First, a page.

Note: i'm not medically trained, but have been researching, studying, and experimenting with diet and holistic health since age 16 out of necessity due to some unusual and at one time, very uncomfortable body imbalances.

Heath Poulter
(antitrust311) - F

Locale: Southwest
Re on 10/07/2013 12:37:51 MDT Print View

Vegan protein powder smoothies are a great option for hiking as I can buy them in individual packets. It is kind of messy but I guess I will have to deal with it.

I am a total food nerd and I have read a lot on the science behind a lot of foods and the history of food so I know a lot of this already and like I said we eat really healthy at home but it is hard to translate those foods into hiking as bringing a bunch of fruits, vegetables, grains and other fresh foods does not work. As I am looking at taking longer trips in the 4-5 day range and maybe even the 14-30 day range I do not have the desire to carry the weight. I ran into some folks in Glacier NP that brought nothing but fresh foods and it was probably 75% of their pack. I ran into another group of College age folks that caught fresh fish, foraged for wild edibles and mushrooms and their dinner looked fantastic as well. I live and hike mostly in Arizona with 3-4 trips elsewhere in the nation during the year so there aren't a lot of wild edibles in this state except in certain locations and for brief periods of the year so that isn't an option either.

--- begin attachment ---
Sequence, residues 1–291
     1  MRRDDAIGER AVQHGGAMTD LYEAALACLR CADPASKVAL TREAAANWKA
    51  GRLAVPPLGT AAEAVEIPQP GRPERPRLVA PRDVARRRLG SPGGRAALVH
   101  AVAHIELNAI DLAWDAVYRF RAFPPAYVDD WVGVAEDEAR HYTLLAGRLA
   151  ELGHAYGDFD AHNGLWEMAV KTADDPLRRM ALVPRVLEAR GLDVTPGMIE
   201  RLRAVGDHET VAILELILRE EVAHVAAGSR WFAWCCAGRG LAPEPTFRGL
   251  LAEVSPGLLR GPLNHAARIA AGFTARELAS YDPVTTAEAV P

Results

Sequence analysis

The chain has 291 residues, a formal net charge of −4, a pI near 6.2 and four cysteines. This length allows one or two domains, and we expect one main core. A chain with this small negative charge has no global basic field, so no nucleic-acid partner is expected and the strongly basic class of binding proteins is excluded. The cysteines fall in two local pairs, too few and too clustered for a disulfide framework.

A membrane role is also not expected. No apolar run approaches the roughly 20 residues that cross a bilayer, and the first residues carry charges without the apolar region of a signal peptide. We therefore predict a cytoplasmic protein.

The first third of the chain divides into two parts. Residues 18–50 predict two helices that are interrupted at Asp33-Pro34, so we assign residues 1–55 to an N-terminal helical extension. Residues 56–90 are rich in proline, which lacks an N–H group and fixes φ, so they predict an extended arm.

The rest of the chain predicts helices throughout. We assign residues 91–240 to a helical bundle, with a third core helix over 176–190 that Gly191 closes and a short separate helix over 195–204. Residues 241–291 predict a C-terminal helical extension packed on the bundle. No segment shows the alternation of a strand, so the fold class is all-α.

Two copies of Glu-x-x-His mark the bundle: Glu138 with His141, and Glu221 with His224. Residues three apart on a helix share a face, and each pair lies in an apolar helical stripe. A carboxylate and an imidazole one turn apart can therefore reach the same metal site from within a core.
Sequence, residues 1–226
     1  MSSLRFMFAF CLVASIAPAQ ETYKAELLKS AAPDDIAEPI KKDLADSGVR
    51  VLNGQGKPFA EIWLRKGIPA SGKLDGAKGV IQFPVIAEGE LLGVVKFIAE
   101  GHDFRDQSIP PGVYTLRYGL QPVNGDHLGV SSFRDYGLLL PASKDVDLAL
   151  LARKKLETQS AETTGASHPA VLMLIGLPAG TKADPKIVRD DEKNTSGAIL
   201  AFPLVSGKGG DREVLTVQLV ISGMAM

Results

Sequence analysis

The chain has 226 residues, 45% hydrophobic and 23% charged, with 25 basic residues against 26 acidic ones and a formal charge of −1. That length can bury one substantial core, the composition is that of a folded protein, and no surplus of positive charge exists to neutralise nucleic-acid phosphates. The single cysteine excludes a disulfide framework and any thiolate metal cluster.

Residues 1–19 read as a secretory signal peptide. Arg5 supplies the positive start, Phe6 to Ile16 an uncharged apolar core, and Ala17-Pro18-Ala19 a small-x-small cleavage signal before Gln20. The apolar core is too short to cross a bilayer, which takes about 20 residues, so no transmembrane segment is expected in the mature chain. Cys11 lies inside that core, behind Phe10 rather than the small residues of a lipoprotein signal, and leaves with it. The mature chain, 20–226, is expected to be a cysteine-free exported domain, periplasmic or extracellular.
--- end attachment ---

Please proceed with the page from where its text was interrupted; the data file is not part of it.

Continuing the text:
Wheat may be a part of the problem. I have read a lot of this info as well. We try and eat ancient grains a lot as they are a lot better for you and tend to have more protein and what not. We don't eat processed foods and try and steer clear of anything that has more than 5 ingredients in it. Lots of fresh fruits, veggies, breads and honeys from farmers markets for sure.

I am making some Larabars in the next few days before my hike this weekend that call for coconut oil in them and will see how it goes.

I can't stomach Natto. Its a favorite food in Japan but it is incredibly foul stuff.

Edited by antitrust311 on 10/08/2013 10:18:23 MDT.

Valerie E
(Wildtowner) - F

Locale: Grand Canyon State
Yup, Dehydrator in your (Near) Future on 10/07/2013 13:10:55 MDT Print View

LOL, Heath -- about the only foods you can forage here in AZ on a regular basis are jojoba nuts, and they're probably too fatty for you! (OK, berries at high elevations in July/Aug.)

I think a dehydrator would really help you. You can make food at home, dehydrate it, and bring it along. I think you'll also benefit from the "rehydrate while hiking" technique, where you soak food in advance (most people use a Ziploc twist-top plastic jar) in your pack while hiking. The good news about S.AZ is that it's so hot here much of the time, you're also heating it as you walk!